Why standardized tests are harmful to students as they enter the real world

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Why standardized tests are harmful to students as they enter the real world

Here's why standardized tests are bad for students as they enter the real world.

Here's why standardized tests are bad for students as they enter the real world.

photo courtesy of Creative Commons

Here's why standardized tests are bad for students as they enter the real world.

photo courtesy of Creative Commons

photo courtesy of Creative Commons

Here's why standardized tests are bad for students as they enter the real world.

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In the past few weeks, CESJDS sophomores and juniors have taken the practice SAT and ACT tests to familiarize themselves with what will become critical components of the college admissions process. While this is a common practice across the country, standardized tests should be reevaluated to see whether their use is really worth all of the harm that they do to students, such as replacing their normal learning habits with constant stressful preparation and making students believe that learning is not as important as the grade that comes with it.

To start off, standardized tests are a major cause of stress in high school students all across the country. Students spend hours and hours of time preparing for a test that they believe decides their future when they could be spending that time having fun or learning useful information.

If a student performs poorly on a standardized test, they can face increased pressure from their parents and peers to do better and be “smarter.” This can lead to students resenting learning and believing that they are worse than everyone else because of their low score.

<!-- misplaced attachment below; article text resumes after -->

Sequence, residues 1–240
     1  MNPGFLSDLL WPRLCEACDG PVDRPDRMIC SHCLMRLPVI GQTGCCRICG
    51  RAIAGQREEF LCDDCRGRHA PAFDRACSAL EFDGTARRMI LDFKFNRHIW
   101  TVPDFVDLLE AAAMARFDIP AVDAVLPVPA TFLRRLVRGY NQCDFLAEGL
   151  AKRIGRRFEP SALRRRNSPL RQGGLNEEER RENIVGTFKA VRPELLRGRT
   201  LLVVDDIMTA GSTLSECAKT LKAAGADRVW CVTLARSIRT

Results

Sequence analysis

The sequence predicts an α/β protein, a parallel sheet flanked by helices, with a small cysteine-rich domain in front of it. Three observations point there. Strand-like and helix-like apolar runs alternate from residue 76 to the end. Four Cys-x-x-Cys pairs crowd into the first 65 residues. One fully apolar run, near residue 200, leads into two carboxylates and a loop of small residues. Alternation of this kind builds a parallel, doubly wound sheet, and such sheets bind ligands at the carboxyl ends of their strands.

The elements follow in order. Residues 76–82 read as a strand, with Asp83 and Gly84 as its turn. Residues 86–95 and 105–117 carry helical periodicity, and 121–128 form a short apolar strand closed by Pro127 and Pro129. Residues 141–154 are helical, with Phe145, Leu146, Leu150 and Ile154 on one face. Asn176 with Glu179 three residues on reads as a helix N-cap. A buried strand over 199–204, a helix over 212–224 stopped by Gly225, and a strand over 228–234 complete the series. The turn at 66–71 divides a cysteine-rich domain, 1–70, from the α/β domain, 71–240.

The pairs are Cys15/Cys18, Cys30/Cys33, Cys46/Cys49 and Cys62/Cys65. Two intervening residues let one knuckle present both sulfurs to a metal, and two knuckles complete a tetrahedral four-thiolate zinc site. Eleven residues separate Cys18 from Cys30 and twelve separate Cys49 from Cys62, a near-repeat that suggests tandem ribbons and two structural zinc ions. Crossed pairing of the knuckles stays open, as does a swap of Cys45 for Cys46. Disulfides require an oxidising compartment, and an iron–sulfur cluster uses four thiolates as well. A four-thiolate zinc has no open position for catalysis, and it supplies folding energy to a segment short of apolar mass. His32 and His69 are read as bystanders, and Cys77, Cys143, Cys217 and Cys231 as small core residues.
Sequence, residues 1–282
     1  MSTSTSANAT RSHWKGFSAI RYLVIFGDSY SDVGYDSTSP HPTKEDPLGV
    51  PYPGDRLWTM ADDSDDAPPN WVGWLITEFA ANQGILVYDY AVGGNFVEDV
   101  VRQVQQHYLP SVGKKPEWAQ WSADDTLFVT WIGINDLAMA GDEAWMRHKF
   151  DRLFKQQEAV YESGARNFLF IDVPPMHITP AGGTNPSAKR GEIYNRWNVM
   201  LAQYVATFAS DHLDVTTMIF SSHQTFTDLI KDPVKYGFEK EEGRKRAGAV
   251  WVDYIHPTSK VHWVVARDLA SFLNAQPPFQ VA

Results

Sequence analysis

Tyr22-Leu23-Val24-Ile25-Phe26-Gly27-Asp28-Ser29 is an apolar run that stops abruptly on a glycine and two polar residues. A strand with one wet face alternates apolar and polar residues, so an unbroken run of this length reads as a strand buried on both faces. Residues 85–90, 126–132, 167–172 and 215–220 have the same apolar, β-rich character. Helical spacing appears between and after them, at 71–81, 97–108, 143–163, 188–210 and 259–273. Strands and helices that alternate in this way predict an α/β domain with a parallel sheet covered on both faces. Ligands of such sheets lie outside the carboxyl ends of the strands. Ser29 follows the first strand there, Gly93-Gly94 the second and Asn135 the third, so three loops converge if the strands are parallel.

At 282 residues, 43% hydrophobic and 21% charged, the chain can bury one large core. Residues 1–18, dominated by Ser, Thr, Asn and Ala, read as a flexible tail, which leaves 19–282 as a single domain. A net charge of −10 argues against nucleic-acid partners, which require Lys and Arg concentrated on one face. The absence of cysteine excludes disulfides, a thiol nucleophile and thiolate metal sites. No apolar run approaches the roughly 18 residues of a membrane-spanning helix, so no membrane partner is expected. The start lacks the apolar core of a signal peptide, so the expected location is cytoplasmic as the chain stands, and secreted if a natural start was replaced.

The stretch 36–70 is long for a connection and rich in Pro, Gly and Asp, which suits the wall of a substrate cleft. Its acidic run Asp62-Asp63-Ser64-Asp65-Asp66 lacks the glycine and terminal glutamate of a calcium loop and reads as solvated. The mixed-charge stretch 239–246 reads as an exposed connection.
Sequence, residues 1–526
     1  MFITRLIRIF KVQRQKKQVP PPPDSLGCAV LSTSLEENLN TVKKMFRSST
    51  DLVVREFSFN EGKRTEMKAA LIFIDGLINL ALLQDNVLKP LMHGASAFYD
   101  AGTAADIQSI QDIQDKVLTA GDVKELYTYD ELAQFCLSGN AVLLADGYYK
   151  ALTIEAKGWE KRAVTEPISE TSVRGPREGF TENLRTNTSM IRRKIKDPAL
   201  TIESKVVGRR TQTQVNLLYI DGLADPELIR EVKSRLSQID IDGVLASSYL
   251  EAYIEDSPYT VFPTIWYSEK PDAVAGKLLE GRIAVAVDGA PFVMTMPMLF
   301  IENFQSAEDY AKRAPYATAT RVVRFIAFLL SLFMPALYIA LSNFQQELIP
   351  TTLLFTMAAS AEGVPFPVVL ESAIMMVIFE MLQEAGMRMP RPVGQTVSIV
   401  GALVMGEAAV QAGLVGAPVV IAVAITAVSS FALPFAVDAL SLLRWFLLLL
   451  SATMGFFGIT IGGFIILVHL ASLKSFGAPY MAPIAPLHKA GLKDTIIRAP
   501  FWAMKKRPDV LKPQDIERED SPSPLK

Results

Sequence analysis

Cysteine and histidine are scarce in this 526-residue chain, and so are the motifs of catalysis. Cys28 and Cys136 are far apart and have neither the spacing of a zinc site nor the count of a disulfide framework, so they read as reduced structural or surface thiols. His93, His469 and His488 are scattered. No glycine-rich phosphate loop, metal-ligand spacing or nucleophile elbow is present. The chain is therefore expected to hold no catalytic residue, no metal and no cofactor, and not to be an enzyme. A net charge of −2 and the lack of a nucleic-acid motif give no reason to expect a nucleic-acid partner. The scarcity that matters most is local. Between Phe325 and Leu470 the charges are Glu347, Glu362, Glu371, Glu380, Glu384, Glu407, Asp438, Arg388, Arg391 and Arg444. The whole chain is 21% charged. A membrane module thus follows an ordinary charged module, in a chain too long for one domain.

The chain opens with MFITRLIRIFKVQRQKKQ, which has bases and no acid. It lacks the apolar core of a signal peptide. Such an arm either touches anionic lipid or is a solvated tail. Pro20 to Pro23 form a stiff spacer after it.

In addition, many colleges are making the SAT and ACT tests optional, with more colleges taking this approach each year. If colleges do not require these tests, then there should be no reason for students to still be taking them since they cause so much stress and harm.

Standardized tests also do not take into account other factors that are unique to each student, such as their mental health, family life or socioeconomic status. 

Often, students from wealthier households have higher scores because of tutors and programs to which poorer students might not have access. This leads to inequality on the score sheets and an increased rate of wealthier students accepted into colleges, even when they are not necessarily smarter than less affluent students.

You might say that standardized tests allow students to learn more from the test than they would otherwise in the classroom and that it prepares them for college. In reality,  preparation often takes away from other learning that students could be doing as they spend all their time memorizing and repeating basic information that they need for these tests.

Also, when a student does well on a standardized test, it does not mean that they now know what they need to know before they get to college. Its only significance is that the student was able to memorize and cram the information before the test, which they then probably forgot as quickly as they had learned it.

Standardized tests also teach students that memorization and last-minute learning of information is a tool necessary for life. Furthermore, tests lead to the general belief in kids that learning is only important for how you will be graded on it.

Standardized tests are at risk of causing students to lose the original purpose of learning: for learning’s sake. We should rethink whether those tests are still worth taking.

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